- I became a prolific problem-spotter. I started to obsessively document the problems I encountered in the everyday world. This helped train my “problem-spotter” muscle, but also generated a ton of problems for projects I could have set out to solve. I ended up writing about some of the problems I spotted, for example:
- In this article, I did a review of the BART ticket machines in San Francisco. It was not ideal and had a lot of problems—many of which I addressed in that post.
- I can’t stand texting and driving. It’s selfish and inconsiderate. I could complain more, but instead I decided to think about how we might put an end to texting and driving.
- Back in 2016 it annoyed me that I couldn’t bookmark tweets. After a Twitter exchange with Jack Dorsey, I wrote an article about why Twitter should let us save or bookmark tweets.
- It was a chance to get more UX practice with a well-defined brief.
- It could get me more visibility in the industry.
- It allowed me to work on a content site, something I hadn’t done yet.
Now can you see how this problem of “I don’t have much experience in UX” isn’t as hard as you think? It breaks down into two parts:
- How do you find more UX projects? By now, hopefully, you have a few clear ideas of what you easily do in your everyday life.
- What do you do once you identify UX problems to solve? It’s one thing to identify problems to solve, it’s another to thoughtfully approach and work through that problem in way that represents the skills you want to highlight based on where you’re at in your UX career.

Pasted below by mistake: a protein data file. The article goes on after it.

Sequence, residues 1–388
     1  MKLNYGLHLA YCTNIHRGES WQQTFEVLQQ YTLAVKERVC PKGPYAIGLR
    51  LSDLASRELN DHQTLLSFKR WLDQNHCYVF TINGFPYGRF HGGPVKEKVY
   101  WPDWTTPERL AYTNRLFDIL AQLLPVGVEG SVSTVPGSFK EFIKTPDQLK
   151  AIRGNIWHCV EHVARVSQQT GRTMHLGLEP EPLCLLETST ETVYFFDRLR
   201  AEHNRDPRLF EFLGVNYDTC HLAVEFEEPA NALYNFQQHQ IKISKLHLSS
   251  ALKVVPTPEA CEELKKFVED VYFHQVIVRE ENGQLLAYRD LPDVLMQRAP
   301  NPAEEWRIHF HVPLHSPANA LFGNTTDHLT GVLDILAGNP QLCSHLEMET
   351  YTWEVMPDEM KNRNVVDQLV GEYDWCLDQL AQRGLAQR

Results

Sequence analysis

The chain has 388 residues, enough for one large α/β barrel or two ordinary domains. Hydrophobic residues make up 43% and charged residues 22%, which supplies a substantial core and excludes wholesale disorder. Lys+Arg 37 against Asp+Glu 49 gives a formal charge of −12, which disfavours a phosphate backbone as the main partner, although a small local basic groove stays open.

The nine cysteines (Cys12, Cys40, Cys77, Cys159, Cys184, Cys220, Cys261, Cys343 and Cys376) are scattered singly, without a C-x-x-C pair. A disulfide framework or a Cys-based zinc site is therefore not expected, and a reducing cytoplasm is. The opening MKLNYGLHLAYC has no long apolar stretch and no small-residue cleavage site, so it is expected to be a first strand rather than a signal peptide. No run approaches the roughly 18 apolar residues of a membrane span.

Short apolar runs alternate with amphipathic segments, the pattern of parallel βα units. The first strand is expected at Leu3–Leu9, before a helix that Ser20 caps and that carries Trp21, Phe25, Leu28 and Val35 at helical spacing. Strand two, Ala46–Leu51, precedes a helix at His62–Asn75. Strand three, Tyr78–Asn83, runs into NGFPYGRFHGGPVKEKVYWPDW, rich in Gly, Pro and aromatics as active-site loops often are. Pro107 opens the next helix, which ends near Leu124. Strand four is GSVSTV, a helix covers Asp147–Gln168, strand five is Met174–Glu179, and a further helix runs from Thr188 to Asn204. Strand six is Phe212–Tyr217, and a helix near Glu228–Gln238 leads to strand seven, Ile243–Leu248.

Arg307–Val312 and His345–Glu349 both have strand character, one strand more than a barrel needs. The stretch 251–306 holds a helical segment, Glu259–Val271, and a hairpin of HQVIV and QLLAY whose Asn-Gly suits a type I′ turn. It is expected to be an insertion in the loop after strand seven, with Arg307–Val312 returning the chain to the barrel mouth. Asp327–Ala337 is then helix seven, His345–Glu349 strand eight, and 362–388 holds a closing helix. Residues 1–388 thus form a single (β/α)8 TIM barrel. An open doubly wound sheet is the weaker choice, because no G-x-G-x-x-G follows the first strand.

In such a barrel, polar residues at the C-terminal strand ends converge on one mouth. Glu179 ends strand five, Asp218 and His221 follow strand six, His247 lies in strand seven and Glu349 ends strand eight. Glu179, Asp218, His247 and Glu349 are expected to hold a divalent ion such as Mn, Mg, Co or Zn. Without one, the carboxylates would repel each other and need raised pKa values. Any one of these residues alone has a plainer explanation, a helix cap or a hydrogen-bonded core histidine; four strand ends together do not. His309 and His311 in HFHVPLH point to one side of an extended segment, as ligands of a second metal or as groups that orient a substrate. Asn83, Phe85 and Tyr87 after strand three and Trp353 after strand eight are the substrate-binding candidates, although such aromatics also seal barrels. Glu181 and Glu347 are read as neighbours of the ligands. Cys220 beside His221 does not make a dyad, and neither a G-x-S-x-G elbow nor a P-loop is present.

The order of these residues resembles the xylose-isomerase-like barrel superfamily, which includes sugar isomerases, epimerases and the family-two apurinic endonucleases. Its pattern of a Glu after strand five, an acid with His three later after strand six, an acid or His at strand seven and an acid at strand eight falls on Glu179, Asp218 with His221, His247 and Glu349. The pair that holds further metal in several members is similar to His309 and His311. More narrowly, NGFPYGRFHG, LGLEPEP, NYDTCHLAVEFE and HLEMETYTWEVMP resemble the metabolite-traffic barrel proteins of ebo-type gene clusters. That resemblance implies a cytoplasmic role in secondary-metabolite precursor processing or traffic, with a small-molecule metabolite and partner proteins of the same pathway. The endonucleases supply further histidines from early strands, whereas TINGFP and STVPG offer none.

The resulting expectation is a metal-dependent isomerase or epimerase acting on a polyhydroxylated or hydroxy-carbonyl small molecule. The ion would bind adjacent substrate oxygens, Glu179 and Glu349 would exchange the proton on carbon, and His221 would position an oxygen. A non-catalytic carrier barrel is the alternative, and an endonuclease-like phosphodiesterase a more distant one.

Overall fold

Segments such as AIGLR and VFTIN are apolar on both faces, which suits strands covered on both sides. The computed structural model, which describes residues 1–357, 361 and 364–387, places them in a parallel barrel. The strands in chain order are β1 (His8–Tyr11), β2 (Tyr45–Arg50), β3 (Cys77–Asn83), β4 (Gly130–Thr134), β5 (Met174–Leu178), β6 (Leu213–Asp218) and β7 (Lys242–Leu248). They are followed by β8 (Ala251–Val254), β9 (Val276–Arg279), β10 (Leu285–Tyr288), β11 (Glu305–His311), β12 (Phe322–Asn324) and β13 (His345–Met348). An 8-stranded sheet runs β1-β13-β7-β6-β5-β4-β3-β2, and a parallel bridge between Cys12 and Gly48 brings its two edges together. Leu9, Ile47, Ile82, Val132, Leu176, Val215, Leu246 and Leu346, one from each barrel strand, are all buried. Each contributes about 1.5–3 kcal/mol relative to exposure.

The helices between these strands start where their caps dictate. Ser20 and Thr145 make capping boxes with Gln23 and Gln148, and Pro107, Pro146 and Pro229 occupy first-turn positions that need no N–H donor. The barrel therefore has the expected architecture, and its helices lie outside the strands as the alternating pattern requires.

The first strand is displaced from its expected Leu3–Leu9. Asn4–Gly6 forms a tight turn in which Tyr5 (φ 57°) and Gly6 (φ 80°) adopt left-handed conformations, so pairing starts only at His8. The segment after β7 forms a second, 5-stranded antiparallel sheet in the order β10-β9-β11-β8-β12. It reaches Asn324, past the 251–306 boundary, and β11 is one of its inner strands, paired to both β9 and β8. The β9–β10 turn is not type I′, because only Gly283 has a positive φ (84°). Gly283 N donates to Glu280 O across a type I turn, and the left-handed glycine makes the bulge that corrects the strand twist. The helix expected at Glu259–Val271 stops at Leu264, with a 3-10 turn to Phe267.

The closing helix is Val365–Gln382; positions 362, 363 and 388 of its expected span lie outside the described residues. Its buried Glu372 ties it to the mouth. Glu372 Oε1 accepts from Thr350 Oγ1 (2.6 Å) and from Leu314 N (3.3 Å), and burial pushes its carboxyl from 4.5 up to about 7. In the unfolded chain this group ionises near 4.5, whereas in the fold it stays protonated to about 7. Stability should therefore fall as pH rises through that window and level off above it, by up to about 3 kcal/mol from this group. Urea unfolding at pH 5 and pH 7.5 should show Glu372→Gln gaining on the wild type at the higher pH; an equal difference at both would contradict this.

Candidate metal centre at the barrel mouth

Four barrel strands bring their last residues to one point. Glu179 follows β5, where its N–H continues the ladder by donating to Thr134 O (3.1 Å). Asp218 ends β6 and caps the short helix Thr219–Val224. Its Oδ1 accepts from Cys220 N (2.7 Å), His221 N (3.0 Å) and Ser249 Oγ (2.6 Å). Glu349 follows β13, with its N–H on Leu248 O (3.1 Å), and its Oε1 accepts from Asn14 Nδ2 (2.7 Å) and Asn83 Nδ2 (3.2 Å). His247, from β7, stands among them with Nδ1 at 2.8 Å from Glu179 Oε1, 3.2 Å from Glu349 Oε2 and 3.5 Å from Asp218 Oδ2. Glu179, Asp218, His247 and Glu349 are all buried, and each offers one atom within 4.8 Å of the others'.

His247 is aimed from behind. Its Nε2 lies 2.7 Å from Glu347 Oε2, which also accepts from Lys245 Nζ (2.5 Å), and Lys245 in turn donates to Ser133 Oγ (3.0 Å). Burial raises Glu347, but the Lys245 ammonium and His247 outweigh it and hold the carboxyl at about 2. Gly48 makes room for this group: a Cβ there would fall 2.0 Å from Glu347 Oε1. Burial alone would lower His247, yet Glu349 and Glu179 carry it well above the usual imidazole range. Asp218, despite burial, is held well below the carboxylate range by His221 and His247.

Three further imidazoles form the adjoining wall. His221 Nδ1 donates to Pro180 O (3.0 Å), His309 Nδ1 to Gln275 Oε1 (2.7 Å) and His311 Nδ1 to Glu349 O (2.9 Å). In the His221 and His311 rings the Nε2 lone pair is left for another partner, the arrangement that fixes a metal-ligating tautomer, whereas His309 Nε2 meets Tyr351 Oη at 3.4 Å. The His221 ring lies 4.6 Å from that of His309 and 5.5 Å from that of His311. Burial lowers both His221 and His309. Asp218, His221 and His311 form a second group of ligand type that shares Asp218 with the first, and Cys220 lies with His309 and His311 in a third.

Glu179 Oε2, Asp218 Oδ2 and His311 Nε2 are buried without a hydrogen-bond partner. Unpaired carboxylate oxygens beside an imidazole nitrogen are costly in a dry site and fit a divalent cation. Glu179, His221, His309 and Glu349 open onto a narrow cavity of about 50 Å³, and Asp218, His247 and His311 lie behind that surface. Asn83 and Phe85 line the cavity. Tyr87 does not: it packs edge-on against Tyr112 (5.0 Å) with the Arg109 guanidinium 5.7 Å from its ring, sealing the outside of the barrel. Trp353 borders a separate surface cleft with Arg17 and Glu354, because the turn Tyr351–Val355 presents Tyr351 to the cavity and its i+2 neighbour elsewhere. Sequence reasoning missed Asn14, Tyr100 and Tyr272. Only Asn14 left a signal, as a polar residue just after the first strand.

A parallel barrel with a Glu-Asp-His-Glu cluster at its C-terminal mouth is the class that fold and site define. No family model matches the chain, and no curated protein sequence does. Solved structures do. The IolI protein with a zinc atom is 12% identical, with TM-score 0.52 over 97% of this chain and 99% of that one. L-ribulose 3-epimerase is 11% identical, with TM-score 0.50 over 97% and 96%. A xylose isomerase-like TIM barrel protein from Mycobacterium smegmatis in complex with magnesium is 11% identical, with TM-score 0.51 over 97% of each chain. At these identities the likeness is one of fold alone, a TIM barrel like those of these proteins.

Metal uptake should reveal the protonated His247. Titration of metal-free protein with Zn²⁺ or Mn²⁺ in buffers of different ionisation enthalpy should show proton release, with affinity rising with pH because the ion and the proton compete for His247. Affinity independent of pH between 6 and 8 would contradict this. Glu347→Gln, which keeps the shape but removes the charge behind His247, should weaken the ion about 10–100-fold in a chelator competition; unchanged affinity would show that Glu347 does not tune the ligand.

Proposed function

Here are the steps to follow as you work through a problem you spot in your life or surroundings. Get ready because this won’t your average surface-level problem to solve.
What to do after spotting an interesting problem
To help this make sense, let’s continue using my example of the problem I spotted. In 2013, my experience using the BART (San Francisco’s public transit system) ticket machines was very hard and complicated.
Step 1. Decide what you need to get out of the project
Before you start, clarify what skills and experience you want to showcase through this project.
If you’re a user researcher for example, and you want to showcase more research skills, then do that. Don’t feel like you must take the project through to an interactive prototype. However, if you want to do experience design in the future, then maybe you would take the idea to a prototype phase. This step is crucial because it will help you focus the scope of what you do and develop a clear project plan.
Step 2. Make a project plan
You need to treat this UX project like a real project. By creating a project plan, you will have clear dates and deadlines for yourself—keeping the project on track.
Step 3. Attempt to gather some additional information about the problem
Even if you are not a researcher, you should still try to find more details about this problem or topic. In a real-world project with clients and stakeholders you’d have information on the business as well as business goals.
How do you find this information? Well, start with Google. I might Google phrases like “The usability of train ticket machines,” or stumble upon this article in the Guardian about a study from the Office of Rail and Road in Britain.
Or, if this were an eCommerce related product, you could go read about the usability of eCommerce and extensive studies on the Baymard Institute website, whose focus is improving the online experience of eCommerce.
Step 4: Establish some key hypothesis, assumptions, and goals
Yes, we know that these won’t be real. But by stating some parameters for the project, it helps recruiters and hiring managers have more confidence that you would do that on the job. Make the project reflect what you would do if was a real-life client.
“How might we decrease the time it takes for riders to purchase a ticket?”
“How might we decrease the number of phone calls to ticket support?”
(Download the free downloadable project plan template here.)
Step 5: Work your way toward the solution